Search This Site

Sunday, September 20, 2009

Post #20 - My Letter to One of My Heroes, Ernie Harwell

This has been a tough year for Tiger fans. George Kell and Mark Fidrych both died. Tiger Stadium is crumbling down. And now, as if it couldn't get any worse, Ernie Harwell has inoperable cancer.

Once in a while I write a sincere letter. I have enormous respect for Ernie Harwell. He'll probably never read this, but it probably helped me deal with it all.  I wrote this on 9/17/2009, after attending Ernie's farewell game at Comerica Park.

I may need to write a shallow letter about bathrooms or something after this.
Dear Ernie,

I'm sure you've been flooded with cards and letters. I realize that you may never get around to my letter, but this is as much of a letter for me as it is for you. I've never seen more class or dignity in the face of adversity, than what you've always embodied. Whether it was sudden termination from your job as beloved broadcaster, or inoperable cancer, you've kept your chin up. I've never been more proud to be part of a protest than I was standing in a sea of screaming fans, holding up my Ernie-on-a-Stick at Opening Day 1992, following your dismissal.

One of my prized possessions isn't the ball that I sent you and you returned autographed, in 1999. Instead, it was the lineup card from that night's game against the Blue Jays, on which you wrote me a note thanking me for my kind words. I framed that.
Your voice bridged several generations, and always felt timeless. As all of the players, coaches, owners and the generations of fans have changed, you have remained the one constant. Through all of the times, radical sixties, Detroit riots, Vietnam war, Watergate, gas crisis, hostages in Iran, and into the stagnant economy of the early 1980's (when I started listening), and post 9/11, you have provided Detroiters, Michiganders, and Tiger fans a sense of comfort and familiarity. My Great Grandmother lived in a nursing home and listened to every game on her radio, next to her bed. I'm sure you gave her that feeling of comfort and familiarity--probably took her back to happier times, when she listened with my Great Grandfather. In 1984, you made her day by wishing her a happy 90th birthday during the broadcast.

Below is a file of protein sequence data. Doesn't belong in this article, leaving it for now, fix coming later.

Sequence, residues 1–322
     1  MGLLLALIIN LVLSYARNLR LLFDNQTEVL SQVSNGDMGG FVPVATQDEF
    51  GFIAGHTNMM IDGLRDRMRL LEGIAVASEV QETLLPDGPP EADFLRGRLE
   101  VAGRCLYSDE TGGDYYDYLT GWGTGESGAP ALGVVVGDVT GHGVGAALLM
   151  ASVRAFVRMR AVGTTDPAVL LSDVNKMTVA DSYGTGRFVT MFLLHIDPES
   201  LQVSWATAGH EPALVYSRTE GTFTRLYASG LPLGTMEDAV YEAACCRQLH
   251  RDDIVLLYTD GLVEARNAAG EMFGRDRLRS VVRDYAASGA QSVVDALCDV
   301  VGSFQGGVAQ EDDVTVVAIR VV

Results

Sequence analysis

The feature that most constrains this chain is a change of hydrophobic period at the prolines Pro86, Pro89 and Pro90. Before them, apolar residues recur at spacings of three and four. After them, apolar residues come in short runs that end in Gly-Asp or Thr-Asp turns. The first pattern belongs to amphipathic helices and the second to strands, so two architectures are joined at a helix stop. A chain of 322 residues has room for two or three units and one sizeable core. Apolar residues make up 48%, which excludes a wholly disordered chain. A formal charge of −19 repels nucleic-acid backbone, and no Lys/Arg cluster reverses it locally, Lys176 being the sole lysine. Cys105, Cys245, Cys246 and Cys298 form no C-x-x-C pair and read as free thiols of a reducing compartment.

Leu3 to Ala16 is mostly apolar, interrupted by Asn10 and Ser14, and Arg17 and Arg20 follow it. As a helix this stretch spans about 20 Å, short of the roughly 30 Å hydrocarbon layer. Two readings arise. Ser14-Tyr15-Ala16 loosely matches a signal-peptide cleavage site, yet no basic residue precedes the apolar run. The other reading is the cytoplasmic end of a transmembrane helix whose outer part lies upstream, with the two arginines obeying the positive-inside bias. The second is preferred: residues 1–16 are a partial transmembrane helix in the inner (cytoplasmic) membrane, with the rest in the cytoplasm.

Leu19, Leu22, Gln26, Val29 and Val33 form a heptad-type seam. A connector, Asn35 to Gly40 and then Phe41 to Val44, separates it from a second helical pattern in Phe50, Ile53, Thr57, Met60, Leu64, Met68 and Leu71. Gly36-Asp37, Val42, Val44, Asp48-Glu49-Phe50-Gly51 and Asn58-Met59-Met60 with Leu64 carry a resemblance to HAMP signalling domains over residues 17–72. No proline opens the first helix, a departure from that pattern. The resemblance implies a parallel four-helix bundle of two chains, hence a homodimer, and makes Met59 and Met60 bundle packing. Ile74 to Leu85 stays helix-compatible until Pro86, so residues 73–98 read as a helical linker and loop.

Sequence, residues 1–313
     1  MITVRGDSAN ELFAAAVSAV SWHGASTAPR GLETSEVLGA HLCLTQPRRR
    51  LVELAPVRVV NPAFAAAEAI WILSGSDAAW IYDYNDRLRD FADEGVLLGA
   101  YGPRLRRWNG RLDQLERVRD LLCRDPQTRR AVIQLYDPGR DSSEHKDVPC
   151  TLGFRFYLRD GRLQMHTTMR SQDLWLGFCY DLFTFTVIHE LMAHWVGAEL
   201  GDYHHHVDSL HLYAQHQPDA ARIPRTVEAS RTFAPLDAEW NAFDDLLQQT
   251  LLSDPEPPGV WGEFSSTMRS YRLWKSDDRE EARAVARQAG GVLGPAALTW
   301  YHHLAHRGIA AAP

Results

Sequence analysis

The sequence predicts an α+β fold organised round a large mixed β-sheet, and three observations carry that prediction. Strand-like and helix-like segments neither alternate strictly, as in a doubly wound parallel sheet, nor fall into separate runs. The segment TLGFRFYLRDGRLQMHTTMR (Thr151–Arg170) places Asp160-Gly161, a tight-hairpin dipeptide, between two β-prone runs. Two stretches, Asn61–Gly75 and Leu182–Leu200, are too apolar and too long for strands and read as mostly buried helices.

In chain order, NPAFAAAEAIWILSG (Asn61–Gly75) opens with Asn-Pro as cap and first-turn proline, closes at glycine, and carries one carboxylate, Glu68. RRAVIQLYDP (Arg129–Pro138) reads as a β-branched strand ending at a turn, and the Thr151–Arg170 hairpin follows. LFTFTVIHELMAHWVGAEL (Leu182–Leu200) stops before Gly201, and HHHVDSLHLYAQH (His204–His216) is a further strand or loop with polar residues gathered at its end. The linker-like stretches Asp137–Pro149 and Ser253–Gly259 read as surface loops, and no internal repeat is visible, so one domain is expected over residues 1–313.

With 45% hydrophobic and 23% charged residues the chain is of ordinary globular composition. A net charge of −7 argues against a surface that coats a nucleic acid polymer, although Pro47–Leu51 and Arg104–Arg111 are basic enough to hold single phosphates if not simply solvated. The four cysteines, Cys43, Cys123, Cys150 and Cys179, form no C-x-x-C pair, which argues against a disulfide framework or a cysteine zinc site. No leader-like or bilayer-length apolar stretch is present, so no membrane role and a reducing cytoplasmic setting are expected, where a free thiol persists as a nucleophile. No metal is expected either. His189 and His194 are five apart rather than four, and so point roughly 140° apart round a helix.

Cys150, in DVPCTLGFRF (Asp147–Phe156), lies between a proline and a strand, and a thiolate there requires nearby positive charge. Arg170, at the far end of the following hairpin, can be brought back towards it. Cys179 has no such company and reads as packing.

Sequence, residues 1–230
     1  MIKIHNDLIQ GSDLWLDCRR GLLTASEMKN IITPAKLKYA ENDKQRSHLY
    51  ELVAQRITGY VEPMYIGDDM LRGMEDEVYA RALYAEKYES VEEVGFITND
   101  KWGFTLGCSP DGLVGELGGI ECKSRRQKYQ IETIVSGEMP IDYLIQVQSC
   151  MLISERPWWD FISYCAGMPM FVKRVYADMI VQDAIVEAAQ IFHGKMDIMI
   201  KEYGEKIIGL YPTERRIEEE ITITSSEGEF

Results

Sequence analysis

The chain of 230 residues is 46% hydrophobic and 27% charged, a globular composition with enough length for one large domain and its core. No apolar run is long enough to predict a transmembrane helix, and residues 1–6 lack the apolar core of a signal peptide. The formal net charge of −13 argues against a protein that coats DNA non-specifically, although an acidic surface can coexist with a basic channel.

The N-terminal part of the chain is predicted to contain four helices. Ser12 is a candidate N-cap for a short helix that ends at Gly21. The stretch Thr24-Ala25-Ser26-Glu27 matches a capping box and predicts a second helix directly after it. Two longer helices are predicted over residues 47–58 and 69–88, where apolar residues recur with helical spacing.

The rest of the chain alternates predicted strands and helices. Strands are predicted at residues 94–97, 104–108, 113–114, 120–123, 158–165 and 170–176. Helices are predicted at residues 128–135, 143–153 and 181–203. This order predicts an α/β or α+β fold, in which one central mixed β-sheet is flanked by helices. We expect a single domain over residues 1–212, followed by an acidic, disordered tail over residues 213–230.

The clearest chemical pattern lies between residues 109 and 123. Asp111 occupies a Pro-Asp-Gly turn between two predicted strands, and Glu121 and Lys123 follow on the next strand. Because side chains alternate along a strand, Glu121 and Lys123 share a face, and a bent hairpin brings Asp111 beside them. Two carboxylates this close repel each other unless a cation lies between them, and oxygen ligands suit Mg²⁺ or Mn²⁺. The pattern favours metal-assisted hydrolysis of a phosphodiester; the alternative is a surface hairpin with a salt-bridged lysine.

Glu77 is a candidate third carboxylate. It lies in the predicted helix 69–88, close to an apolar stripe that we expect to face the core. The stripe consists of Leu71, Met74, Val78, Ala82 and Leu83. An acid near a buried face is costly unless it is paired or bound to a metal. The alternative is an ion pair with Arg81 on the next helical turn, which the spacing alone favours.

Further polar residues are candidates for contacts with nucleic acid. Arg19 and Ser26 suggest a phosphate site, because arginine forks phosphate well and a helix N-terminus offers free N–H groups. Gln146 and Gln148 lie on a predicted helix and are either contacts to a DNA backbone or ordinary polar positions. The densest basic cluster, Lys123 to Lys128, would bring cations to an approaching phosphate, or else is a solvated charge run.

Your voice has provided a backdrop for most of my life. As a kid, when I listened, it meant a) the game wasn't televised or b) I was grounded off of TV because my grades needed some work. My grades needed a lot of work, so I was grounded a lot, and I listened to you very frequently. Over time, you won me over. One of my favorite memories is listening to a west coast game, late at night in a Virginia campground on the outer fringe of WJR coverage. I still remember your voice crackling, fading in and out, providing that reassuring sense of comfort and familiarity.

Another Ernie highlight for me was attending a wedding where you read the Song of Solomon verse that you made into a spring tradition. Typical Ernie--you walked in, read the verse, and, quietly walked out. I'm sure you didn't want to be a distraction to the ceremony. Afterward, I asked the groom how he knew you (he didn't), and how he was able to convince you to do this. He said, "It's simple. I asked him." You provided that "transistor voice from under the pillow" comfort and familiarity for him as he entered a new phase in his life.

As I walked around Tiger Stadium on that last day, your pre-game speech provided that same of comfort and familiarity. I was grieving that day, but that transistor voice from under the pillow told me that "it will be okay".

I was at the game last night for your farewell speech. Like the rest of your body of work, you exuded class and dignity, and you left us wanting more. As you thanked Detroiters, Michiganders, and Tiger fans everywhere, something must have gotten into my eye--you choked me up! Your positive attitude in the face of your illness is truly an inspiring example. During that speech, the sea of silent fans, players, coaches and press, to me, felt louder than the Ernie-on-a-Stick Opening Day crowd that screamed in support of you. I hope in that silence, and in the long standing ovation that followed, we provided you a sense of comfort and familiarity.

God Bless You! You will be sorely missed.

Jerry Herman

You May Also Enjoy:

Follow me on Twitter: @hermanletters
Follow me on Facebook


  1. Thanks Nutthaus! I think incorporating Ernie's name into the Comerica Park's title is a great idea too.